School board director Henry Leonard built upon Posley’s observation. “If we just move students from one area or three or four buildings from one area and tell them, ‘Hey, you’re going,’ has proven to be disastrous. You can just look at the West Allis School District last year and how the 7th district [Leonard’s Milwaukee school board district] picked up a load of West Allis students. My assumption was that those students would be going back to West Allis. No, they’re staying in MPS which is good for us, but it also tells me that sort of validates some of the research about that.”

Educational experts are clear on what works and what doesn’t in closing schools. Douglas N. Harris, Tulane University, and Valentina Martinez-Pabon, Harvard, writing for Education Week, listed other factors in deciding which and when schools should be closed:

“Education leaders avoid school closures at almost any cost,” they stress, “but sometimes their enrollment-driven budgets cannot bear the expense of all low-enrollment schools remaining open. And closing based on low enrollment creates disruption for the fewest people… But what about school quality as a deciding factor? Student test-score levels are tightly correlated with these demographic features, but student-growth measures are not. So, when closures are necessary, doing it based on growth is also more equitable.”

Other factors should be considered, they note: “If a district has a great team in a failing building, it’s essential to keep that team together. One way to do that… is to move whole teams from one building to another to keep them—and their success—intact.”

But Harris and Martinez-Pabon say school districts must face a hard reality: “As a nation, we are amid a decade-long, steep decline in birthrates.”

School districts all across Wisconsin are facing enrollment declines and closing schools.

Yet, some Milwaukee school board members hold out hope for increasing enrollment.

“We are not taking the climate crisis seriously enough,” says Board director Missy Zombor. ”I’ve seen a number of reports that the Midwest, especially around the Great Lakes, will eventually become a climate haven.” But she admits, “that probably won’t be actualized by 2027-2028; it could in our lifetime.” Zombor suggests that MPS should consult with climate experts. “Yes, I know the school age population in Milwaukee is probably decreasing, but if the projections are true, it could increase.”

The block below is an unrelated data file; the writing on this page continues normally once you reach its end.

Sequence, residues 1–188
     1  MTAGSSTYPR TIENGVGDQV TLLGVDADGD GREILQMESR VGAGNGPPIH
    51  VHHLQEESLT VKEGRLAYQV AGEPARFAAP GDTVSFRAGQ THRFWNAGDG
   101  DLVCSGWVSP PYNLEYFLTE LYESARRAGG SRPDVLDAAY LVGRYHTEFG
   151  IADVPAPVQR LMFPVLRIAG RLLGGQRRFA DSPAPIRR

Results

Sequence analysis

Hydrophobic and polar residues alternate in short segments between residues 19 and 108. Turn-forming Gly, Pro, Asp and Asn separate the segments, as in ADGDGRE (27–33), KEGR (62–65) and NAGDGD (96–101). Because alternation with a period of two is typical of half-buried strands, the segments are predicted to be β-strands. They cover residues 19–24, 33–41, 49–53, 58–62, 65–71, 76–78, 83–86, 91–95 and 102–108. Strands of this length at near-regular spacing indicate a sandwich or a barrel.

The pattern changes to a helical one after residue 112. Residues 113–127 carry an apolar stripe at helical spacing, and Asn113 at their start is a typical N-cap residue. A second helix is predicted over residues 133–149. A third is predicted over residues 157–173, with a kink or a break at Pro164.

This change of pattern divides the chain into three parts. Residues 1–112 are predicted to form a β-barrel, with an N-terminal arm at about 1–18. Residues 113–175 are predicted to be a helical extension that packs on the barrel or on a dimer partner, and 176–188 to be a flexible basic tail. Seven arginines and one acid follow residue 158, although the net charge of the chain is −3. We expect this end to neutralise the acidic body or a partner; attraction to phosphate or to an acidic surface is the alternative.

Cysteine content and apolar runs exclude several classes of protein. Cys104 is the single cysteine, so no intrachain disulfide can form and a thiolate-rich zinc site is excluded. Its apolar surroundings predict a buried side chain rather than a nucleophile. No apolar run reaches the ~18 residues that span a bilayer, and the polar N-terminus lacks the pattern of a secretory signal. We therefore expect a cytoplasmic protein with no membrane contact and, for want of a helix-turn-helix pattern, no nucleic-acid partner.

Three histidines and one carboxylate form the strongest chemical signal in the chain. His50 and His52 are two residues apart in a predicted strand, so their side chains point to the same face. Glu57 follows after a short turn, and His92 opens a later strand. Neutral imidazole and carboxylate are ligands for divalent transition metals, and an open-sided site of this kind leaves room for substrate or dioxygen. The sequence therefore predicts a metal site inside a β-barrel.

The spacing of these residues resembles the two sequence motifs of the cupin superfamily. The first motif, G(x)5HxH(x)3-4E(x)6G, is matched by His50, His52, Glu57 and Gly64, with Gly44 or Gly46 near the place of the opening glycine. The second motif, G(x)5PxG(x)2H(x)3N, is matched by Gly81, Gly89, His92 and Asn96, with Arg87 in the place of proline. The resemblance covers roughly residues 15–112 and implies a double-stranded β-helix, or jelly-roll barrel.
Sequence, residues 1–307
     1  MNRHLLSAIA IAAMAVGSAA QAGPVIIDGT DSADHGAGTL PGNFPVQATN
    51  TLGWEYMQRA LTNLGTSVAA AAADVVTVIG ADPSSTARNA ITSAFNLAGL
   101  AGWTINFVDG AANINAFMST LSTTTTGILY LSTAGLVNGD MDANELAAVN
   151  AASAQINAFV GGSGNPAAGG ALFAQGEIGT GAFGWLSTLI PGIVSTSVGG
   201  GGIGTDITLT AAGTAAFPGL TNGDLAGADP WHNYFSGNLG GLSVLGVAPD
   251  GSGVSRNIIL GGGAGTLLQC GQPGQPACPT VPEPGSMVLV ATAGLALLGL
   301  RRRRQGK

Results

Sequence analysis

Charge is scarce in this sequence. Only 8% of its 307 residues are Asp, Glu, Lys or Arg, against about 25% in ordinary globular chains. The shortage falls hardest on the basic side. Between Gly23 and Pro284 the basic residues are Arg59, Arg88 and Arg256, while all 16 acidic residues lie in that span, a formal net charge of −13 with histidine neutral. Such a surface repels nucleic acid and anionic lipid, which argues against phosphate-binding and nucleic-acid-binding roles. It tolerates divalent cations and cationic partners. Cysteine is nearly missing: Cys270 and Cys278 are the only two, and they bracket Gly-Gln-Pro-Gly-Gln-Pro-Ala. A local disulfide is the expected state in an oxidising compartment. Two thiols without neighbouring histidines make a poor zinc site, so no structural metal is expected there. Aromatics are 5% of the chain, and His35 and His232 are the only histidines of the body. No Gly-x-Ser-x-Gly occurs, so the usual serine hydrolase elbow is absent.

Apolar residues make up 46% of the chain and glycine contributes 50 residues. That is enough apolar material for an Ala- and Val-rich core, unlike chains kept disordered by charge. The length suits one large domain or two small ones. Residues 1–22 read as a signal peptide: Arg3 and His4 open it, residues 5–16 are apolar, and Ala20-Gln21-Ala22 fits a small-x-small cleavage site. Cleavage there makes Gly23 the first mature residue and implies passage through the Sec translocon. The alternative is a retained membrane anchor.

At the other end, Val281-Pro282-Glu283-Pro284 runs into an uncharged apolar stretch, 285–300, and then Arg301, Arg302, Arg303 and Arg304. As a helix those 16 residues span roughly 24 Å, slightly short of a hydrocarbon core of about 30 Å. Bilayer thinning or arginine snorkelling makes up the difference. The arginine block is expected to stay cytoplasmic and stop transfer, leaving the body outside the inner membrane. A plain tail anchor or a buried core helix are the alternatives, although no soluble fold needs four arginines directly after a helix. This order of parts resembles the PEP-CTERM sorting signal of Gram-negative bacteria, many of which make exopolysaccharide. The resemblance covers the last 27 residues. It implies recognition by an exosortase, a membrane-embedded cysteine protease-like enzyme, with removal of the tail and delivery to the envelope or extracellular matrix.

Board director Megan O’Halloran noted a related factor, Milwaukee Mayor Cavalier Johnson‘s goal to increase the city’s population. “I know the mayor has talked about the one million plan. He would love for Milwaukee to be a city of one million residents.” That would certainly help build MPS enrollment, but climate warming also presents another issue.

“We need to be clear that changes need to be made to our buildings,” O’Halloran warned. “Our buildings are not air-conditioned.”

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2 thoughts on “K-12 Education: MPS Struggles With Shrinking System”

  1. Ryan Cotic says:

    These leaders within the system do not sound like very bright people. Improving the quality of education within this failed system should be priority 1, 2 and 3!

  2. keewaysservices says:

    MPS will not improve until the property tax payers. community / parent demand more. The current system is staffed by teachers who do not live in the district and do not have a vested interest in the community

    . Recruit teachers willing to live in the District.
    Focus on reading ,comprehension, critical thinking
    and writing skill .Test scores will not improve if students cannot read .
    MPS focus on union demands and money will not produce needed results.

    Close failing Schools